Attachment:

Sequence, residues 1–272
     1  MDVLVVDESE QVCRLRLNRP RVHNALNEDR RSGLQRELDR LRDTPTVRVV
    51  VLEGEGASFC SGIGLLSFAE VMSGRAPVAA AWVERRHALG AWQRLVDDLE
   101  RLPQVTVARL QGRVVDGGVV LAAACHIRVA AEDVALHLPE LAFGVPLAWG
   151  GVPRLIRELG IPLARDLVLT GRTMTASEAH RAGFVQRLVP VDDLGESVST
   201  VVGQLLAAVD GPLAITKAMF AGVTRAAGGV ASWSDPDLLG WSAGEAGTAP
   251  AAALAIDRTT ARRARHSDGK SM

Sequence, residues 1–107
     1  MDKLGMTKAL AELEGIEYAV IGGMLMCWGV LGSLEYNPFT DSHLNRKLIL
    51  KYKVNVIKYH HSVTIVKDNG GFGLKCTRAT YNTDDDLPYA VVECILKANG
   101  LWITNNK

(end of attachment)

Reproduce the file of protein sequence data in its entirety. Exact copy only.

Sequence, residues 1–272
     1  MDVLVVDESE QVCRLRLNRP RVHNALNEDR RSGLQRELDR LRDTPTVRVV
    51  VLEGEGASFC SGIGLLSFAE VMSGRAPVAA AWVERRHALG AWQRLVDDLE
   101  RLPQVTVARL QGRVVDGGVV LAAACHIRVA AEDVALHLPE LAFGVPLAWG
   151  GVPRLIRELG IPLARDLVLT GRTMTASEAH RAGFVQRLVP VDDLGESVST
   201  VVGQLLAAVD GPLAITKAMF AGVTRAAGGV ASWSDPDLLG WSAGEAGTAP
   251  AAALAIDRTT ARRARHSDGK SM

Sequence, residues 1–107
     1  MDKLGMTKAL AELEGIEYAV IGGMLMCWGV LGSLEYNPFT DSHLNRKLIL
    51  KYKVNVIKYH HSVTIVKDNG GFGLKCTRAT YNTDDDLPYA VVECILKANG
   101  LWITNNK